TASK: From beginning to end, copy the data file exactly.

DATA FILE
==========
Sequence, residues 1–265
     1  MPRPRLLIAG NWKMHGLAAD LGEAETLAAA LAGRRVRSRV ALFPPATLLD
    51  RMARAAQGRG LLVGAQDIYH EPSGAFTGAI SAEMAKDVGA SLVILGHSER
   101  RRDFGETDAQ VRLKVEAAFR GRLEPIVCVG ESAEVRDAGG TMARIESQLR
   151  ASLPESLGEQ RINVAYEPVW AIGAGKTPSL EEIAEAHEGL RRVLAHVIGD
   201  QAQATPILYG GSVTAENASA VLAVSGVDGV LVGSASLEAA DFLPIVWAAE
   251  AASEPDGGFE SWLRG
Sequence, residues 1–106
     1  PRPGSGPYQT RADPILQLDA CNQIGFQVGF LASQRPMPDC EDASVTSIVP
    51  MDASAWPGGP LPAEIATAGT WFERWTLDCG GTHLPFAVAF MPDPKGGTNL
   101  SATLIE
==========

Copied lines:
Sequence, residues 1–265
     1  MPRPRLLIAG NWKMHGLAAD LGEAETLAAA LAGRRVRSRV ALFPPATLLD
    51  RMARAAQGRG LLVGAQDIYH EPSGAFTGAI SAEMAKDVGA SLVILGHSER
   101  RRDFGETDAQ VRLKVEAAFR GRLEPIVCVG ESAEVRDAGG TMARIESQLR
   151  ASLPESLGEQ RINVAYEPVW AIGAGKTPSL EEIAEAHEGL RRVLAHVIGD
   201  QAQATPILYG GSVTAENASA VLAVSGVDGV LVGSASLEAA DFLPIVWAAE
   251  AASEPDGGFE SWLRG
Sequence, residues 1–106
     1  PRPGSGPYQT RADPILQLDA CNQIGFQVGF LASQRPMPDC EDASVTSIVP
    51  MDASAWPGGP LPAEIATAGT WFERWTLDCG GTHLPFAVAF MPDPKGGTNL
   101  SATLIE